Kibera slum
Apr 23 2014

‘On the way to somewhere’


By Erin Stillion, financial auditor for Unbound

Erin Stillion, financial auditor for Unbound in Kansas, recently traveled to Kenya to perform a financial audit for Unbound’s Nairobi project. While he was there he met an amazing young man that made a huge impact on his life. This is Erin’s story.

The sun was already beating down on a sea of rusted tin roofs. Our team was wrapping up a financial audit in Unbound’s Nairobi project, spending several days poring over documents, reading policy manuals, interviewing staff, assessing procedures and visiting families. I was exhausted, but brimming with anticipation.

We visited 24 families over the course of two days – Thursday and Friday. The families were excited to have us as guests in their homes, and thrilled to answer a variety of questions we posed to them.

We talked about bank accounts, mothers groups, small businesses, grade cards, dreams and hopes. They beamed when we told them that their sponsors were proud of them.

We learned what we traveled to Kenya to find out. Your generosity is changing lives. We’ve seen the evidence. Statistically, Saturday morning wouldn’t change our report.

But, somehow, I was certain that Saturday was important.

The entire subproject staff and an Unbound scholarship student serving as our translator accompanied us to Kibera, the largest urban slum in Kenya and one of the largest in all of Africa.

We were met by an energetic mother who greeted us by saying, “Jambo! Welcome to Kibera!” It was her way of letting the community know we were her guests.

More than 900 Unbound sponsored friends and their families live in Kibera. The crowded settlement straddles the Uganda Railway line, with many houses and shops within arm’s reach of a passing train.

We were inundated with smells and sounds. Everywhere there was evidence of the microeconomy of the slum — vendors selling small bags of corn flour and single rolls of toilet paper, and pieces of chicken on grills — a life lived meal to meal. A nearby brood of chickens will likely supply the same grills just weeks from now.

Before long, we began to recognize the chatter of children changing to a sing-song chant of “How-are-youuuuu? I’m fine!”

They were shy when I directed my attention to them, uncertain about shaking my hand or giving me a high-five. Each smile was worth a million dollars when I made eye contact and acknowledged them.

We took a series of turns through narrow alleys, ducking corners of tin roofs, weaving around drying laundry, stepping over streams and puddles, and avoiding refuse piles as much as possible.

Pauline, an Unbound staff member, was with us and greeted a woman who gestured for us to enter her home, a small but tidy room.

“This is Joseph’s mother,” she said, referencing the list we had provided to her to select the handful of visits we would make. Joseph was one of the sponsored children we would visit with.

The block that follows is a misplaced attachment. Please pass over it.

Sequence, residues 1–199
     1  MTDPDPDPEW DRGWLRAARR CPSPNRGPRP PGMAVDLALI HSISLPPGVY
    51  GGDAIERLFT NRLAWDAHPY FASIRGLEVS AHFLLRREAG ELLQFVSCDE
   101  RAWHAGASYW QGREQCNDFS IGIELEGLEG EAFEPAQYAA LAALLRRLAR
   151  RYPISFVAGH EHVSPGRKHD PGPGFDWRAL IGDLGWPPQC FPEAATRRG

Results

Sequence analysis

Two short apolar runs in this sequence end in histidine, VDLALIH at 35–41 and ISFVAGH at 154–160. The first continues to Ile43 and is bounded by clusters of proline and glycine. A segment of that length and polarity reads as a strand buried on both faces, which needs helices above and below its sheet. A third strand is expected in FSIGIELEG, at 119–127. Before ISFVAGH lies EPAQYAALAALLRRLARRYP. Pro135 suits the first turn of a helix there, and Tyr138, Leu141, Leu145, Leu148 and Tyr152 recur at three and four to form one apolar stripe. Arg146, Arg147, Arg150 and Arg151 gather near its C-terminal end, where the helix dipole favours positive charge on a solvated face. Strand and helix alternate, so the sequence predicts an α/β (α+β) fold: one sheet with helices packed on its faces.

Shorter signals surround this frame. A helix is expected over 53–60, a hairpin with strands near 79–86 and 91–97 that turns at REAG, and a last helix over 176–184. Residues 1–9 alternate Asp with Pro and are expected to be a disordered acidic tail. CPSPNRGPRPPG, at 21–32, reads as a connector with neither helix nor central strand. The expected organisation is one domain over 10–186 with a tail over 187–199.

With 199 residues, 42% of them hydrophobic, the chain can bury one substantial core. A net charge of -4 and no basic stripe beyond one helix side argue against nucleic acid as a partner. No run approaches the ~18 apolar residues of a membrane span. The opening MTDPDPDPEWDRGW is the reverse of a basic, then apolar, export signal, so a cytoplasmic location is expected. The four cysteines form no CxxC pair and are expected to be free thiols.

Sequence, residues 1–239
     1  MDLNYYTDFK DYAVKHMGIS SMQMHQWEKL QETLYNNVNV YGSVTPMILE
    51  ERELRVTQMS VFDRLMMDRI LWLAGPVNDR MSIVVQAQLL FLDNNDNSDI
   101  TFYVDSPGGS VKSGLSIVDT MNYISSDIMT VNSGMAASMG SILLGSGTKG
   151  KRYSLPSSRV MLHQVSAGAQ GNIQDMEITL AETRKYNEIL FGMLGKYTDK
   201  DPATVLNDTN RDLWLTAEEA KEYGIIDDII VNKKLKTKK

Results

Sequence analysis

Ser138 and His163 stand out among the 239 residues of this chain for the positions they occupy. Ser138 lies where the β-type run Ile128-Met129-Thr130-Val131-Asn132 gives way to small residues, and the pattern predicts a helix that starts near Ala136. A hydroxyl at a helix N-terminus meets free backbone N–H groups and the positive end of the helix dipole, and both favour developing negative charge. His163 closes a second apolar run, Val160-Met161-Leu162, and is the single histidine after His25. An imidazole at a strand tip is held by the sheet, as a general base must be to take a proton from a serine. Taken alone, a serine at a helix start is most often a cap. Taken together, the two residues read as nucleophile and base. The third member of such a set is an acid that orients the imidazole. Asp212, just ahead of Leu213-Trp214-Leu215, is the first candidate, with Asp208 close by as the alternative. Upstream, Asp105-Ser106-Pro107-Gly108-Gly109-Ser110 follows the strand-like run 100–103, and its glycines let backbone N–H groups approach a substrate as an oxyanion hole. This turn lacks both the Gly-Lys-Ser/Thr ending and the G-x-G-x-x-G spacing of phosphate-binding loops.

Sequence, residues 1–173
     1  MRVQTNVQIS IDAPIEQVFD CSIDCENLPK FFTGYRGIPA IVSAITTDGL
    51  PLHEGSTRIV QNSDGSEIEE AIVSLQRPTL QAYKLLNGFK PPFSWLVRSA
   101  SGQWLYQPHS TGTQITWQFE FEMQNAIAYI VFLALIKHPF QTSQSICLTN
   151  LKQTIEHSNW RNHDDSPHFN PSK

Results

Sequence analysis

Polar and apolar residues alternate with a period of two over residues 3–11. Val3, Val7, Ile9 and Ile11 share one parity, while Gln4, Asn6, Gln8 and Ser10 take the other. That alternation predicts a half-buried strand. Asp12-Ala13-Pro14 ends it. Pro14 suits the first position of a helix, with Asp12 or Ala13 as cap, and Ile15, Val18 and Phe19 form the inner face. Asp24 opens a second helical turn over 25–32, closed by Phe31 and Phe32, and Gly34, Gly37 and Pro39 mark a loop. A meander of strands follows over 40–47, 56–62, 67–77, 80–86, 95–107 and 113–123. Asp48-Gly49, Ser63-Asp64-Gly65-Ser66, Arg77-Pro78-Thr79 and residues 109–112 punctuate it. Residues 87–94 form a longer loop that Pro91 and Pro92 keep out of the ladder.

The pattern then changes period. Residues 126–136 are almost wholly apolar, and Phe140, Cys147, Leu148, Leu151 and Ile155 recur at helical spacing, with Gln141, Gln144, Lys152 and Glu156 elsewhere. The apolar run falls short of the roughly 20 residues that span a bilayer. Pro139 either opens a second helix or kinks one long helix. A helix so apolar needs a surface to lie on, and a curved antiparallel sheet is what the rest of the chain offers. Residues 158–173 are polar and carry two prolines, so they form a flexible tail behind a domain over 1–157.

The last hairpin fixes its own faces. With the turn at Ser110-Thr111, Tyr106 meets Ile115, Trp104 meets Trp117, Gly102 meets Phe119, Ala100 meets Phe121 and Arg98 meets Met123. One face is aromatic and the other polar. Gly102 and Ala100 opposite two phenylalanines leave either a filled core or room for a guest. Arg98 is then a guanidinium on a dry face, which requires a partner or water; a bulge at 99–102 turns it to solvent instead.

“Joseph is coming,” his mother assured us.

We asked Joseph’s mother about her participation in the mothers group and about her other children, until Joseph arrived.

He was polite, well-spoken and thoughtful. He shared about being sponsored in the Unbound program, and answered all of our standard questions.

My heart broke when he said he was thankful for Unbound because he was a nobody and sponsorship made him a somebody. He tells us that in a year he will have completed his computer science degree.

“Unbound,” he says, “took me from nowhere to somewhere.”

It was a perfectly normal question, but even as I posed it I knew the weight it carried. “What will you do when you graduate?”

“I’ll get a job in town [Nairobi proper], but this is where I live,” Joseph said. “These are my roots. You don’t just leave your roots.”

I’d never seen a mother more proud.

We walked back to the office down the Uganda Railway line, past small shops or vendors selling shiny secondhand shoes, single rolls of toilet paper, cell phones and grilled chicken.

Statistically, nothing about the audit changed. But my perspective was certainly different. Joseph’s words sank in as we walked. I became painfully aware that I started the day assuming that Kibera was “nowhere” and that “somewhere” was simply somewhere else.

What I do know is that in our worldwide community of compassion no one is a nobody, and we are all on the way to somewhere. I’m glad that, on this Saturday, the journey took me to Kibera, and I had the privilege to travel just a few steps with Joseph.

Related links:

Waking up in Kibera slum

3 thoughts on “‘On the way to somewhere’”

  1. Erin, thank you for sharing your experience through this beautifully written story. No one is nobody when someone, like you, takes the time to listen and show they care.

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